Common Cause lawyer Emmet Bondurant argued that the federal courts, representing a co-equal branch of government, have an established right to review and overturn laws passed by both houses of Congress and signed by the President. “It cannot be that a Senate rule is immune from review when a statute (passed by both houses) signed by the President is subject to review,” Bondurant asserted. [...]Senate lawyers argued "that to take up the case would be to 'do what no court has ever done—inject the judicial branch into the Senate’s internal deliberations and usurp the Senate’s power to determine its own rules and procedures.'"
“The Constitution is very specific about when supermajorities are required—to remove judges or high-ranking officials during impeachment trials, to ratify treaties, expel members of Congress, override presidential vetoes and propose constitutional amendments,” said Common Cause President Bob Edgar. “But the filibuster rule essentially imposes a 60-vote supermajority requirement on every piece of legislation coming to the Senate; while the Senate has the power to make its own rules, it cannot impose rules that are incompatible with the Constitution.”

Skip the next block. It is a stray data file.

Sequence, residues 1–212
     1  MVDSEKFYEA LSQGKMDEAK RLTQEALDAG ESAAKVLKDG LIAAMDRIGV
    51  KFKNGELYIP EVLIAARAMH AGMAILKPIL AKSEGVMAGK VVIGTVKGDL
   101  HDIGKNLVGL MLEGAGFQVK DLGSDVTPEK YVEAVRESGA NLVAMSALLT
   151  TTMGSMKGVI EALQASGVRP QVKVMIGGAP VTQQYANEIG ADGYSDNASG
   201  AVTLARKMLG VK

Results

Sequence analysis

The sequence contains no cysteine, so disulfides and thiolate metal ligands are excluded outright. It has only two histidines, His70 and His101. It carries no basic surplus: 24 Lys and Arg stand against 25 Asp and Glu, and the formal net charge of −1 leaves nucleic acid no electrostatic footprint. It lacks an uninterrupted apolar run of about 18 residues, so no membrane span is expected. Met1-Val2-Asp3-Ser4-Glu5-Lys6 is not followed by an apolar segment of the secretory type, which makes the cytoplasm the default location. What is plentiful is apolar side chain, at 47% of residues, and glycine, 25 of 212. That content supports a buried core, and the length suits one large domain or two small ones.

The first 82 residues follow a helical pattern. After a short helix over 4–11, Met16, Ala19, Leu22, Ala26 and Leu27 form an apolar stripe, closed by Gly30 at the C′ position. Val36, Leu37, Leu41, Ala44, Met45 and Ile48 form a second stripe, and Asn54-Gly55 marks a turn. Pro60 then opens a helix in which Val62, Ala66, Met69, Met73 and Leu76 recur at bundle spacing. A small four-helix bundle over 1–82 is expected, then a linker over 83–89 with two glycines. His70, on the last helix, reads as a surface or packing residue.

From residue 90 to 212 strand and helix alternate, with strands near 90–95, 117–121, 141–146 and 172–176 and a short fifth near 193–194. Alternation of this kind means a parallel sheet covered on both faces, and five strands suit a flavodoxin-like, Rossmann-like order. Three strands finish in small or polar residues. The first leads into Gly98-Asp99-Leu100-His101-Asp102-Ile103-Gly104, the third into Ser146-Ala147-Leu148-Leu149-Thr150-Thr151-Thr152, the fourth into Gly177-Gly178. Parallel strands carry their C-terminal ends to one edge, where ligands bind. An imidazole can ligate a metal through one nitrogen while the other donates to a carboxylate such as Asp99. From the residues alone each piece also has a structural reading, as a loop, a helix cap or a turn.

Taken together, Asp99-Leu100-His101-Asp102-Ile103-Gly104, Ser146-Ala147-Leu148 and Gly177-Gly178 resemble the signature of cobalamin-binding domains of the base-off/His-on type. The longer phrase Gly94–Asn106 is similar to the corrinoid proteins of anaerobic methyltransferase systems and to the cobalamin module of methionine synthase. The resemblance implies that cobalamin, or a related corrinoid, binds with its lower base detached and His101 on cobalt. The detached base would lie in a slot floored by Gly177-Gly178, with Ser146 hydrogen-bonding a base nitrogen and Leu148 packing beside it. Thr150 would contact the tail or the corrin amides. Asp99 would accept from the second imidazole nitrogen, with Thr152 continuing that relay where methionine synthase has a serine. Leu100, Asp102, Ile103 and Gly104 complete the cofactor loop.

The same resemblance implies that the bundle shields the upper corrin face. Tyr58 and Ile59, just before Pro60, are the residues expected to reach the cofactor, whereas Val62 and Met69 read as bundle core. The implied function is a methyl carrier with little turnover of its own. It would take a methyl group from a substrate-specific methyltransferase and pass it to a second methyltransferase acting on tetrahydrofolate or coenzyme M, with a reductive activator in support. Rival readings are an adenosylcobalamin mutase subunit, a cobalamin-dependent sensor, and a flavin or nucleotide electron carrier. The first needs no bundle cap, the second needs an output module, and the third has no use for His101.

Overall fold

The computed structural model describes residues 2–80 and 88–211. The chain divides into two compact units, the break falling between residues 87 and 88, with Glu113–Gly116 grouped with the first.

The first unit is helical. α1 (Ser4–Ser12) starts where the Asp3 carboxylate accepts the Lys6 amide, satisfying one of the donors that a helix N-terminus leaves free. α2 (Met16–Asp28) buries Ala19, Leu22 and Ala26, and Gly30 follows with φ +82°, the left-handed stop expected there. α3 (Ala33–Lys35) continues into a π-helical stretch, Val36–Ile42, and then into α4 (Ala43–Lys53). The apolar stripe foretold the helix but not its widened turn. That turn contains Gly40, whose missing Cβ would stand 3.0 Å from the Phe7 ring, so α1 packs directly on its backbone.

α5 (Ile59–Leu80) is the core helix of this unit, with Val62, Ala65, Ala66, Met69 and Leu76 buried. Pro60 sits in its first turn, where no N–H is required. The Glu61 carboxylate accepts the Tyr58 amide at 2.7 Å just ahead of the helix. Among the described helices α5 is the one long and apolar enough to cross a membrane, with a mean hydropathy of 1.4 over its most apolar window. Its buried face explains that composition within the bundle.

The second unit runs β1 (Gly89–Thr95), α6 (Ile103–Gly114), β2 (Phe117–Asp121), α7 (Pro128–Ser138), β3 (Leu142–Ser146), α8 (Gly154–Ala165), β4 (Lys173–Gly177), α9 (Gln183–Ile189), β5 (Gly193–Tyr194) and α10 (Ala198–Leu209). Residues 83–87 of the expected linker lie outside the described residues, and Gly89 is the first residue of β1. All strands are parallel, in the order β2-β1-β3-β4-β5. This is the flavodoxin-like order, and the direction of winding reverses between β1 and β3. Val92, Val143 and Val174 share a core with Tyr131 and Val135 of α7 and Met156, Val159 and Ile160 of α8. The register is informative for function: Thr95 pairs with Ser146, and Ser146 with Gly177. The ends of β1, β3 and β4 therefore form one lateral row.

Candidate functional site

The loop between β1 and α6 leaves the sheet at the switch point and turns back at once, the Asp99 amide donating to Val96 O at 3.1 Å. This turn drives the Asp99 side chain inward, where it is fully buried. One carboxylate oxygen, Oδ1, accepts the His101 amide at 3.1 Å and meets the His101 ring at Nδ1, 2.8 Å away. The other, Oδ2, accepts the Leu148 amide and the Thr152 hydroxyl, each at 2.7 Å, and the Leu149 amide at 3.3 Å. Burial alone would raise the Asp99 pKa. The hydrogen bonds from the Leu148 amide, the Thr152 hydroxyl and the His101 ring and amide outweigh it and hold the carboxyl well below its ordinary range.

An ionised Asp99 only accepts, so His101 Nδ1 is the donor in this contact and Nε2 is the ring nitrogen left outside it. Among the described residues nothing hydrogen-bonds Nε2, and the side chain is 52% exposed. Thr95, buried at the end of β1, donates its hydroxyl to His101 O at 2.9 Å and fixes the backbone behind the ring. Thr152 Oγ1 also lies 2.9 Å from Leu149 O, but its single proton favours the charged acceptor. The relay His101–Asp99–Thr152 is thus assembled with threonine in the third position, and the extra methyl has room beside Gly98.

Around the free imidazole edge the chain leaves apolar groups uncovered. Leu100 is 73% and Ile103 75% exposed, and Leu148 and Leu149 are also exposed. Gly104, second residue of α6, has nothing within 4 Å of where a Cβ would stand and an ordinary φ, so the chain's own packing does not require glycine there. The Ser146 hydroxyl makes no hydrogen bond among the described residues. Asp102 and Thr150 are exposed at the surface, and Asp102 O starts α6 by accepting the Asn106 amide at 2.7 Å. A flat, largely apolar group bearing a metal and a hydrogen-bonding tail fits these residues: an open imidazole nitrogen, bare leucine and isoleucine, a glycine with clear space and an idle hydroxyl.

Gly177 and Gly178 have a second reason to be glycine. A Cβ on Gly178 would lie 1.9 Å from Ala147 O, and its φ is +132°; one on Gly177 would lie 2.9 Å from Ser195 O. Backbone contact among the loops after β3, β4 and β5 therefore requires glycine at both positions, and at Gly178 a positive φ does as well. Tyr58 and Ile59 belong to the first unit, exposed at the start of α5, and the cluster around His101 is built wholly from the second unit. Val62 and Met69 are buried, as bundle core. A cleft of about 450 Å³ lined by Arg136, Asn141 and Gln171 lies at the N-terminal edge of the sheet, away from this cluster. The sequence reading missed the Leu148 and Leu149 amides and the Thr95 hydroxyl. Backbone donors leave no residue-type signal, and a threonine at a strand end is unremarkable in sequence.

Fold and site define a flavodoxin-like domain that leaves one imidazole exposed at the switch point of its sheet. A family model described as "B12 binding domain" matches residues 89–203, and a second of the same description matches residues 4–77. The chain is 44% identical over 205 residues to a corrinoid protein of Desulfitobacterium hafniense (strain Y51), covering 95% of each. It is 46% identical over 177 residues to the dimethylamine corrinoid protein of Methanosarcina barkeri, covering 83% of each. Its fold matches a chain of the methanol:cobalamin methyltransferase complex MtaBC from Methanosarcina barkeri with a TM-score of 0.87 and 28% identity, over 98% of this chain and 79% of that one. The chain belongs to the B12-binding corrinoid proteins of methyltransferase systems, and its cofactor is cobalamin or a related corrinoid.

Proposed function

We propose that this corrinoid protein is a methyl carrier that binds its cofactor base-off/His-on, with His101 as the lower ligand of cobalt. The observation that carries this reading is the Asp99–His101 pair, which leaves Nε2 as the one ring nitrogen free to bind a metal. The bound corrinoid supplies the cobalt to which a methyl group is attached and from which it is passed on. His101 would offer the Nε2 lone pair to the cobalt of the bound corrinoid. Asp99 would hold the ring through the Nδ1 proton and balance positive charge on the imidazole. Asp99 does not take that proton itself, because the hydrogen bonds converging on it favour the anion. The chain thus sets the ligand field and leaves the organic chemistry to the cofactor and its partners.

The House Democrats bringing the challenge are Reps. Keith Ellison (MN), Hank Johnson (GA), John Lewis (GA) and Mike Michaud (ME). Judge Emmet Sullivan has given no indication when he might rule, but he did ask for written answers from Senate lawyers to his questions about their claim that this suit is a political question, beyond the reach of the courts.